Sophomore Jillian Upshaw drums up musical success

Courtesy+of+Max+Wix
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Sophomore Jillian Upshaw drums up musical success

Courtesy of Max Wix

Courtesy of Max Wix

Courtesy of Max Wix

Courtesy of Max Wix

Max Wix

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Being a 14-year-old female drumming prodigy, like Wilson sophomore Jillian Upshaw, is nearly unheard of. Recently seen jamming out to “Lemon” by N.E.R.D at the homecoming talent show, winning a $10,000 scholarship in a music competition, and playing one-note samba at the National Museum of African American History and Culture, Upshaw has rocked the city with her musical ability. 

Upshaw’s first memory of music is with her mom. “She would play SiriusXM, and I would sing with her,” Jillian recalled. Particularly, she remembers singing, “caandy girl, you’re aaall my world!” 

 Soon, Upshaw’s love of music went deeper than singing along to the radio—by her fourth birthday she was playing her first instrument—a pink guitar from Toys R Us that her dad surprised her with. When Upshaw was five, she began to play the bass guitar. Her future as a guitarist looked bright, and her dad always said she would be famous for it.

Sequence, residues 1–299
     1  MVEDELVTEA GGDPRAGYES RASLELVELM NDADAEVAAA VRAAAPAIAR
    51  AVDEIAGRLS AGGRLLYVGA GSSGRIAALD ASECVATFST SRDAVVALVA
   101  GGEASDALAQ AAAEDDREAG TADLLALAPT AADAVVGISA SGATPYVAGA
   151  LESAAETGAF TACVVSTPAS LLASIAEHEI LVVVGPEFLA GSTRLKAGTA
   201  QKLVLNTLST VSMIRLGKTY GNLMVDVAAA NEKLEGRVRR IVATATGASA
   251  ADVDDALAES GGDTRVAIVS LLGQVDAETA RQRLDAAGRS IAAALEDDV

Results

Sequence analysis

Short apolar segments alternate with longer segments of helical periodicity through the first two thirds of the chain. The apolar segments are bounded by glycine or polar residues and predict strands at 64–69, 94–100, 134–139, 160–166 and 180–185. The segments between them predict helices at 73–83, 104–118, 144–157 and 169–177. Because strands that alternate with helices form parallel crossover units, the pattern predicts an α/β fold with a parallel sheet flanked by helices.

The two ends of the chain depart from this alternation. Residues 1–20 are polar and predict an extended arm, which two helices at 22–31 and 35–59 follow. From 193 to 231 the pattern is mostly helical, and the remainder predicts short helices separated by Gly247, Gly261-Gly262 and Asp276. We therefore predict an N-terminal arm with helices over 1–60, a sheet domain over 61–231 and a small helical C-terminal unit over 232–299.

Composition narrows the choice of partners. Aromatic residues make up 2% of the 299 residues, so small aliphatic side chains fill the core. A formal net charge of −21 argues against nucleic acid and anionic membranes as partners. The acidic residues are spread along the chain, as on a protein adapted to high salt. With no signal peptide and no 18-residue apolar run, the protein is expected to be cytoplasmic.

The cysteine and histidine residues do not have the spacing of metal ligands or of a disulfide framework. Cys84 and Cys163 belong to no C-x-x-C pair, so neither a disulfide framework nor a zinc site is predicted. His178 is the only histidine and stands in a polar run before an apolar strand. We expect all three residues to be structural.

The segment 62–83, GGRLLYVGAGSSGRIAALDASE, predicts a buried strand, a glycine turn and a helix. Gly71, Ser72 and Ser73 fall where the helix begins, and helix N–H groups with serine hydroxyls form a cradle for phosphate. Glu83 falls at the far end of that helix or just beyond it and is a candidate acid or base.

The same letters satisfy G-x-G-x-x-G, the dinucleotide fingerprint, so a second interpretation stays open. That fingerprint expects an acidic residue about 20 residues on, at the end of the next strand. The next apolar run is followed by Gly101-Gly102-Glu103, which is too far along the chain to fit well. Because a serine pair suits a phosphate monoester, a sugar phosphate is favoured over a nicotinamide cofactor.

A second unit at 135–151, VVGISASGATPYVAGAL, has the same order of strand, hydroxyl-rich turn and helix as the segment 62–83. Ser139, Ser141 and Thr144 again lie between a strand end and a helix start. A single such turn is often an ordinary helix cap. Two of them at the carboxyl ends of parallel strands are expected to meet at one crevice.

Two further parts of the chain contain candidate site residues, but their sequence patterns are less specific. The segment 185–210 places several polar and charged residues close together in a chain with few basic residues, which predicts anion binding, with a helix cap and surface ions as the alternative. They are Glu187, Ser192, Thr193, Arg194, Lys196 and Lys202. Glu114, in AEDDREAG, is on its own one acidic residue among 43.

But Upshaw wasn’t satisfied. She discovered her final and favorite instrument to play in elementary school: the drum set. In class, she consistently annoyed her peers and teachers by tapping on any surface she could reach. “[Teachers] would have meetings with my mom and say, she’s tapping on the desks and I don’t know how to stop it!” Upshaw said.  “I remember I went to a music store and they had this blue sparkle kit, and I was like, ‘I gotta play that.’”

At 11 years old Upshaw lost her father, the man who gave her the first instruments she ever owned. Rather than giving up, her drive to be a great musician skyrocketed. “There was a huge change in my playing,” she explained, “I just played a lot.” Music helped Upshaw negotiate the worst time of her life.

 After she graduates in 2022, eight years from her first lesson, Upshaw hopes to attend Berklee College of Music. She recently won the DC-CAP all stars music competition and received $10,000 to go towards her college funds. Soon after, she opened for the famous drummer Terri Lyne Carrington at the African American History Museum.

This year, she is a part of Wilson’s jazz band, Drumline, and the Blues Alley Youth Orchestra and is constantly playing at different events throughout the city. So keep an eye (or an ear) out for the young rising star Jillian Upshaw.